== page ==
LAW firm Harper Macleod has been drafted in by four founders of Scottish technology business FanDuel as they continue to pursue a $120 million claim against the company’s new owners.

Though they had built the daily fantasy sports business from a standing start, founding chief executive Nigel Eccles, marketing head Lesley Eccles, chief product officer Tom Griffiths and design head Rob Jones saw their shareholdings in FanDuel wiped out when its private equity backers sold the company to Paddy Power Betfair - now Flutter Entertainment - last year. All four had left the business by the time the deal was announced.

The four co-founders launched a legal case against the firm soon after in a bid to recover the $120m their shares were worth at the time of the sale. Based on the size of their individual shareholdings, around half that sum would be due to Mr Eccles.

Although the original claim was filed by CMS, that firm was forced to come off the record due to conflicts, with Harper Macleod partners Sandy Hastie and David Kerr taking over last August.

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It is understood that they have amended the original claim, with the case due to go before a procedural hearing on September 5.

Writing in FanDuel’s 2017 accounts, which he signed off earlier this month, the company’s current chief executive Matt King said no money had been set aside to pay for the action because it does not expect it to succeed.

“[Our] counsel has been advised that the proceedings raised will not be insisted upon in their current form but that new alternative proceedings will be commenced,” he said.

“We understand that the new counsel team for the petitioners is currently framing the alternative proceedings but to date these have not been served on the group. No action has been taken meantime to progress the original proceedings.

“While it is possible the case reaches a merits determination, the group does not consider it probable, and therefore no accrual has been recorded as of the balance sheet date.”

The original dispute arose after FanDuel’s main private equity backers Shamrock Capital Advisers and Kohlberg Kravis Roberts (KKR) exercised their majority shareholder drag-along rights to exclude all ordinary shareholders from the Paddy Power Betfair deal.

Drag-along rights are supposed to be used to force minority shareholders to participate in a sale on the same terms as majority shareholders. However, due to a number of clauses that had been added to the company’s articles of the association over the preceding few years, KKR and Shamrock were able to force the sale while claiming the $465m valuation placed on FanDuel was insufficient to pay out on any ordinary shares.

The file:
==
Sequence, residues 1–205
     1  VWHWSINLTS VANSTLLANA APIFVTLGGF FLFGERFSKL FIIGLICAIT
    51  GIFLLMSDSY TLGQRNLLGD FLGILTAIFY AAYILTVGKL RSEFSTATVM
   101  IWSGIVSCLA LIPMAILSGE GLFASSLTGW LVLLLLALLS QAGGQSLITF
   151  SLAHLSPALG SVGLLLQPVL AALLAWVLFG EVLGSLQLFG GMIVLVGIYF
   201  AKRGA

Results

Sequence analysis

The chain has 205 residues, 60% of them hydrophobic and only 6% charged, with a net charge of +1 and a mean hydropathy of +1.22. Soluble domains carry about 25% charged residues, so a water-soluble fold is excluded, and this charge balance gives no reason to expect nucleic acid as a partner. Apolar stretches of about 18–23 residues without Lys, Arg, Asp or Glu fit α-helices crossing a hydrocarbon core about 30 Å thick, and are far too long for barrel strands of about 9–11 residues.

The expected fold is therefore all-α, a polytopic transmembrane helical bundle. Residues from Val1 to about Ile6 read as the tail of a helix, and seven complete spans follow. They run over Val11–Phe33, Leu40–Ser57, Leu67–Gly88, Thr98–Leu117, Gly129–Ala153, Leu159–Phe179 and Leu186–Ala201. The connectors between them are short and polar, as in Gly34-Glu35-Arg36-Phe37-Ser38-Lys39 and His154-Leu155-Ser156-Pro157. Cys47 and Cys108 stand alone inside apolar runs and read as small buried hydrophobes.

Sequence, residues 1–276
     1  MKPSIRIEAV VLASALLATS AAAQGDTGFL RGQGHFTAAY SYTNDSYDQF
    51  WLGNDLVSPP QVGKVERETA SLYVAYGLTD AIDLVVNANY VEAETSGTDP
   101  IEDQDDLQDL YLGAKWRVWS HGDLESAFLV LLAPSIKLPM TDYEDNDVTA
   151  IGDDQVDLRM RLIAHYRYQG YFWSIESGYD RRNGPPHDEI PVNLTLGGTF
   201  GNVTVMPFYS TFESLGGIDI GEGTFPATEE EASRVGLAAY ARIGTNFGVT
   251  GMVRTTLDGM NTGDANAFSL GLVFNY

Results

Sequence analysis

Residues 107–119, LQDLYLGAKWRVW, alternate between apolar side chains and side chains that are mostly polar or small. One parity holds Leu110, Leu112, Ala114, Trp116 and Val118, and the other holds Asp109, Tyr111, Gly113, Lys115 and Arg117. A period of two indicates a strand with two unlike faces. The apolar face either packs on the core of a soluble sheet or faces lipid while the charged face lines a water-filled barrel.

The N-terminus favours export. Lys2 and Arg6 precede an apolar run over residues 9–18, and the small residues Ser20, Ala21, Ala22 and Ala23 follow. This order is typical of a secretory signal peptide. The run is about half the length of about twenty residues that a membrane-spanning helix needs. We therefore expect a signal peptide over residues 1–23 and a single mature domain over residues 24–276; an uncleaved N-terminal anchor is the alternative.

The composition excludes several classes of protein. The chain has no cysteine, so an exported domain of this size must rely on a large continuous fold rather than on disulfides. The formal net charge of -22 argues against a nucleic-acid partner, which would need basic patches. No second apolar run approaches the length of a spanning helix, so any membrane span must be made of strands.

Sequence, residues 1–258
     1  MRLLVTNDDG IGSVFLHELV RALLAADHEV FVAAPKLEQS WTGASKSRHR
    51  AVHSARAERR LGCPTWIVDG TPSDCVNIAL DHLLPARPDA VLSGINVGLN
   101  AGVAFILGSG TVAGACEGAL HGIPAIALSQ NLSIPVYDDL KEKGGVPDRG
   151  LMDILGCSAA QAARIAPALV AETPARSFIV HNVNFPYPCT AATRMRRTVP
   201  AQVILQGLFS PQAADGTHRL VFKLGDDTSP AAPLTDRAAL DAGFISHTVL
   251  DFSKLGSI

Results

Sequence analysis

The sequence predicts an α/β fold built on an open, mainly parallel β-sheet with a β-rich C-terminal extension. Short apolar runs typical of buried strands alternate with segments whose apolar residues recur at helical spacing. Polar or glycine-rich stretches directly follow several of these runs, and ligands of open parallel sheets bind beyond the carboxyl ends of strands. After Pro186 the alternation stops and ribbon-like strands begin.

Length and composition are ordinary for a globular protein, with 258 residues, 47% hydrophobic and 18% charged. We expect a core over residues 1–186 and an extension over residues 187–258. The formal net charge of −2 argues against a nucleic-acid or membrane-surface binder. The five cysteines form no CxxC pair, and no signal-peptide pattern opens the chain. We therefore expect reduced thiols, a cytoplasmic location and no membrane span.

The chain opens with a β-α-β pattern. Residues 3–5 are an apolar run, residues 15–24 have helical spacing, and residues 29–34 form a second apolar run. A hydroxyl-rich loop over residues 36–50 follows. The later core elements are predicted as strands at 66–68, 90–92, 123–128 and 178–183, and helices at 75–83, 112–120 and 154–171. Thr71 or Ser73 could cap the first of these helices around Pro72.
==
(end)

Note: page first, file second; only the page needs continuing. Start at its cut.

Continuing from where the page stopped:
“As this consideration is not sufficient to satisfy the aggregate preference payable on the A preference shares, no part of the consideration payable in the offer will be payable on FanDuel’s ordinary shares or options to purchase FanDuel’s ordinary shares,” they said in a document outlining the terms of the deal.

The founders’ case is built around the argument that FanDuel, whose customers are all based in the US, was deliberately undervalued as part of the deal.

Though the business had struggled to make headway in a number of US states, which classed its activities as illegal gambling, a US Supreme Court ruling handed down just after the Paddy Power Betfair deal was agreed largely removed that barrier.

READ MORE: FanDuel founders to receive no cash from sale to Paddy Power Betfair 

Despite this, FanDuel’s board did not seek to have the business revalued, something the founders claimed in their original court filing was “to the detriment and prejudice of ordinary shareholders”.

“The board of FanDuel considered whether the US Supreme Court ruling and its impact upon the market value of FanDuel should cause the company to be revalued. It has chosen not to do so,” the court papers said.

“The board of FanDuel elected to use the valuation obtained prior to the US Supreme Court ruling, without seeking any current and sound valuation of the company.”

FanDuel’s fifth co-founder, Chris Stafford, who had been head of technology at the business until he left in 2016, is not party to the legal proceedings. He is currently an IT consultant with Amber 80, a Glasgow-based firm he set up at the end of 2017.

Last year Mr Eccles and Mr Jones set up technology business Flick, Ms Eccles raised $2.2m for a relationships-based app called Relish and Mr Griffiths co-founded San Francisco-based online management training firm Hone.